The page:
3) It strengthens the organism, without undue fatigue to the legs, which are SPECIFICALLY trained to produce strength through actual sprint work anyways

        So i consider it an equally useful lift as squats.

        Strength= CNS power + muscle cross sectional area+ leverages…

        So if you have very strong lifts relative to your bodyweight, and you dont even have good leverage for the lifts themselves (eg. long femurs for the squat, or long arms/small ribcage for bench), then rest assured you have a very strong neural output. That general quality is what transfers, i think.. And this quality can also be developed through track work! So each thing influences the other, max speed influences strength in the gym and vice versa

        those were some random thoughts (influenced by CF)

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        star61 on #19166

        Well, i dont think there is a lift that  directly transfers to sprinting… I believe what eventually transfers to the track, is  the general strength of the organism (the charlie francis concept)…I consider the general organism strength as the OVERALL recruitment capacities of the athlete. Given the strength gained in a movement range crossovers to all other movement ranges (maybe due to complex neuro-hormonal interactions) makes lifting very general in nature, and i dont think squats are necessarily better than bench …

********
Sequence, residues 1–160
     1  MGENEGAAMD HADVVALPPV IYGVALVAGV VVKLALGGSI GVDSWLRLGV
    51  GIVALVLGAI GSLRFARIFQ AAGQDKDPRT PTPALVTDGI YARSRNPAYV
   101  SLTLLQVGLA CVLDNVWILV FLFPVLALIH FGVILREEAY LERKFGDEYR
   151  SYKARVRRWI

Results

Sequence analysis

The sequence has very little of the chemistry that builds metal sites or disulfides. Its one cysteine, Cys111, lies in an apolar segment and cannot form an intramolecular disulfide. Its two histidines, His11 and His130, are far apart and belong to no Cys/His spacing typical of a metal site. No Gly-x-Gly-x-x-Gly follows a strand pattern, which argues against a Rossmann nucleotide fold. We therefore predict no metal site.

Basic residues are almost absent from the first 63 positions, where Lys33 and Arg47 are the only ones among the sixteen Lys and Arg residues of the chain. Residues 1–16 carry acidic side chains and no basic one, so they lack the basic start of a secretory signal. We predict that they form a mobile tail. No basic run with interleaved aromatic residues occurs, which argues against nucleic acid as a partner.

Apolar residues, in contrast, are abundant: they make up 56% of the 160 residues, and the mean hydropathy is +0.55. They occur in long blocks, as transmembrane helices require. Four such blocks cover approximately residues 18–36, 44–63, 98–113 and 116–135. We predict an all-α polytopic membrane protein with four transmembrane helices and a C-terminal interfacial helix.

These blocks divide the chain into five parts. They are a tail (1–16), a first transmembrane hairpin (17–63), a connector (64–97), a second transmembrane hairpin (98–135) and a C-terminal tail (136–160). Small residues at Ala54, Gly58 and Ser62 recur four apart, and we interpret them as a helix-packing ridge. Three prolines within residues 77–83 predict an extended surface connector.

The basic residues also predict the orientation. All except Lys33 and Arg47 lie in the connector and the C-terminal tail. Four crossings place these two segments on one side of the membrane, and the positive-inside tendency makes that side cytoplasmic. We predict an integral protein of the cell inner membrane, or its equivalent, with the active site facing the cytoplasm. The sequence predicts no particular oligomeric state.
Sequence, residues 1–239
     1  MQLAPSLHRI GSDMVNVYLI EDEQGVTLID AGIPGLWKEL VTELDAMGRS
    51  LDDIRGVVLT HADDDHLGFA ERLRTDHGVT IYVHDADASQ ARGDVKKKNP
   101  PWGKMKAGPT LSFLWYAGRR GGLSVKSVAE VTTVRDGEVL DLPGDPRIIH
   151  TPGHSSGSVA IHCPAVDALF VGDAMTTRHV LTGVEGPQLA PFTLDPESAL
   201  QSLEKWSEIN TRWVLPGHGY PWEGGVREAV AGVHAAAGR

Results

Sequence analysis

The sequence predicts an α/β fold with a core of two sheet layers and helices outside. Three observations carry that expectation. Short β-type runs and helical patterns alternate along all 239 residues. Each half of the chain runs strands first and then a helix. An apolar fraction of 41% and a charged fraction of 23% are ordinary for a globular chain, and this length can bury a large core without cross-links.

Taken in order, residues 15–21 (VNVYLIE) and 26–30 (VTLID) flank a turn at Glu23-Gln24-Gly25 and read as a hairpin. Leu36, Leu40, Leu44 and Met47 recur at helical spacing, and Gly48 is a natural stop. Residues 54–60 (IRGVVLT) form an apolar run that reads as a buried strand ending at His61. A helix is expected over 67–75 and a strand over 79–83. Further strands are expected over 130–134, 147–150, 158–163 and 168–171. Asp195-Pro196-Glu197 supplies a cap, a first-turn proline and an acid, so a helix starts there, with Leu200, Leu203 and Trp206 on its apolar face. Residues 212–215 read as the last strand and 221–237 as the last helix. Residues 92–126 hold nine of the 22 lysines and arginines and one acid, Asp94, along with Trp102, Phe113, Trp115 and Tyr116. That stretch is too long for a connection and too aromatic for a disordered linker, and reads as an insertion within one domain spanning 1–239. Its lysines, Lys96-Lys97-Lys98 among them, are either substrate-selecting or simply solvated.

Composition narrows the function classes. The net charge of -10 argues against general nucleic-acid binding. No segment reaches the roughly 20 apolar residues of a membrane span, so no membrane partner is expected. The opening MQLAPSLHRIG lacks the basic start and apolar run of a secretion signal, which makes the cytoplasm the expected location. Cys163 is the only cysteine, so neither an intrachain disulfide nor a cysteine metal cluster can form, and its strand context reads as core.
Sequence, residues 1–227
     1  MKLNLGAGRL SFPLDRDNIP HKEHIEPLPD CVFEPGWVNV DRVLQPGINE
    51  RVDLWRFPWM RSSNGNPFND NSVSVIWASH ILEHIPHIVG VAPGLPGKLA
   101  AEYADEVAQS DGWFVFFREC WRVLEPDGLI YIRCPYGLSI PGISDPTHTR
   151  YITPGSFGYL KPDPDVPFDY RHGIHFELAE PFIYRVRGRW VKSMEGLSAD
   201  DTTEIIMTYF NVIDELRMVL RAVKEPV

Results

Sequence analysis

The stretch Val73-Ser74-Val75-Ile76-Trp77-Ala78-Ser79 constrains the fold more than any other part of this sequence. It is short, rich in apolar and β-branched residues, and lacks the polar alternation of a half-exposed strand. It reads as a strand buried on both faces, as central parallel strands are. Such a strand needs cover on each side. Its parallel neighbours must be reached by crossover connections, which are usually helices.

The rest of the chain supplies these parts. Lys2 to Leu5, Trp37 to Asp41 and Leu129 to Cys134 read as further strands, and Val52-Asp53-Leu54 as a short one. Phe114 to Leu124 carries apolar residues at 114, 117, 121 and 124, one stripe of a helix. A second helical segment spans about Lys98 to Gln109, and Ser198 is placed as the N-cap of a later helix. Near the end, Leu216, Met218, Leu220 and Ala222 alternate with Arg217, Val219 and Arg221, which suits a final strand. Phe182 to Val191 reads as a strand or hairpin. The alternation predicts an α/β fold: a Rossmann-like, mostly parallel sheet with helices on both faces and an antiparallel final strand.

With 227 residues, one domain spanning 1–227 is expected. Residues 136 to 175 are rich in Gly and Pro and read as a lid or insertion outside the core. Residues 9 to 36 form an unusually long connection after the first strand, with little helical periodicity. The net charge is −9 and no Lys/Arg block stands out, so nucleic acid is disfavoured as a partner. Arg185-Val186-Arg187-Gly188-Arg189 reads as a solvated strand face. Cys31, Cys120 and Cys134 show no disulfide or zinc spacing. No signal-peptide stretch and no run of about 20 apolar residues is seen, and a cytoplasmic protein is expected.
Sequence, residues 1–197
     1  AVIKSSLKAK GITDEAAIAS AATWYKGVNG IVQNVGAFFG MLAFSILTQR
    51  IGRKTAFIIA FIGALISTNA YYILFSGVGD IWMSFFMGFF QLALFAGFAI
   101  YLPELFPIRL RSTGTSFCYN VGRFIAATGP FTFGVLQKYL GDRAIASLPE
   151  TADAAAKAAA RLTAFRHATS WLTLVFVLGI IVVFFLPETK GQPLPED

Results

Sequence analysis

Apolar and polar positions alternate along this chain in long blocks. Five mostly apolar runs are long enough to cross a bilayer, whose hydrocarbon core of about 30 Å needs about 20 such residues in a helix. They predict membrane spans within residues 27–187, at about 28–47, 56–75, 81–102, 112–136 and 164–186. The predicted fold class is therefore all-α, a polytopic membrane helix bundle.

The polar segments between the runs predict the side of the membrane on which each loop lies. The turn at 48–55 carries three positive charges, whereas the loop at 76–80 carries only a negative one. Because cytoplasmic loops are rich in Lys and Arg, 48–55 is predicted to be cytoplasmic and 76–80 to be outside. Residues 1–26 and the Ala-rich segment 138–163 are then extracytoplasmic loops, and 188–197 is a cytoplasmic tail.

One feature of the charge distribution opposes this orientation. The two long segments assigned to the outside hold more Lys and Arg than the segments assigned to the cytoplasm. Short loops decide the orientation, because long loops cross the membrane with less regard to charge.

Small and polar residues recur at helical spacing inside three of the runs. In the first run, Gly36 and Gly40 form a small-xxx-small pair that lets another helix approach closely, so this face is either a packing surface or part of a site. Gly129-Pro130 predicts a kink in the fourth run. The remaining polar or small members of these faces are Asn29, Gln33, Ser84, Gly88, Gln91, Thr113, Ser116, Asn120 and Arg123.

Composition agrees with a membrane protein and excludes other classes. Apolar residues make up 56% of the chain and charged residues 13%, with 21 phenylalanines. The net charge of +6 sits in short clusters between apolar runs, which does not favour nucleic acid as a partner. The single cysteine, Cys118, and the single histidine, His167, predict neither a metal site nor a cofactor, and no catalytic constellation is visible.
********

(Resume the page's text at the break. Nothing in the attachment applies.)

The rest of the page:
Bench is VERY useful in a sprinter's program, imo
        1) Its a tool for max strength expression. Its a big compound movement recruiting around 35% of the total musculature of the body, and based on the general organism strength concept, it makes your whole body stronger even the legs (indirectly)
        2) Its a very useful lift to maintain general strength qualities, during injuries where u can't do sprints, or squats or anything involving the lower body. Its also useful during tapers.
        3) It strengthens the organism, without undue fatigue to the legs, which are SPECIFICALLY trained to produce strength through actual sprint work anyways

        So i consider it an equally useful lift as squats.

        Strength= CNS power + muscle cross sectional area+ leverages…

        So if you have very strong lifts relative to your bodyweight, and you dont even have good leverage for the lifts themselves (eg. long femurs for the squat, or long arms/small ribcage for bench), then rest assured you have a very strong neural output. That general quality is what transfers, i think.. And this quality can also be developed through track work! So each thing influences the other, max speed influences strength in the gym and vice versa

        those were some random thoughts (influenced by CF)

        If you read CF more carefully, you will see that he actually focuses on posterior chain training in the weight room. Benchpress is probably the best overall upperbody exercise, but does very little to increase posterior chain strength. YMCA's and other clubs are full of kids who bench but never squat. Their legs are still small and weak, and they have no lower body power, and less speed.